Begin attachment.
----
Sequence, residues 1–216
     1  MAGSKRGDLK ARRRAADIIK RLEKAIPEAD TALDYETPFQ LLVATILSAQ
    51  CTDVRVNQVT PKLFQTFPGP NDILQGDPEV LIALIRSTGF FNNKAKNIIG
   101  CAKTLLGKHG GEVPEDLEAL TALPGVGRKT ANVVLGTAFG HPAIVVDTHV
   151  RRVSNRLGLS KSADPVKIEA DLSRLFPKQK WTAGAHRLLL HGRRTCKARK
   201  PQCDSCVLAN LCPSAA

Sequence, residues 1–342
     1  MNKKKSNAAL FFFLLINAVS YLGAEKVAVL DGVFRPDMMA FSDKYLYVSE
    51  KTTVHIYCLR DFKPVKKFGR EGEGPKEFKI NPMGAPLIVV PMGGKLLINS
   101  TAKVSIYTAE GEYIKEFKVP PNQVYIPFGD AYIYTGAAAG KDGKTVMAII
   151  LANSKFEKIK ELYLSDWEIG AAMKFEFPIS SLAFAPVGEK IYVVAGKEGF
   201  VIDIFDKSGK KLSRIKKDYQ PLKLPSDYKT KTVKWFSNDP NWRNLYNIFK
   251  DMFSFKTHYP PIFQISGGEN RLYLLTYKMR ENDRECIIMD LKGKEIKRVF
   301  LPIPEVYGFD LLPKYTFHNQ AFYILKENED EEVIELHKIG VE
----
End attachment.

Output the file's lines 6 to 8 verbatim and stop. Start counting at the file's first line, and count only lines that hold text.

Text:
   201  PQCDSCVLAN LCPSAA

Sequence, residues 1–342
     1  MNKKKSNAAL FFFLLINAVS YLGAEKVAVL DGVFRPDMMA FSDKYLYVSE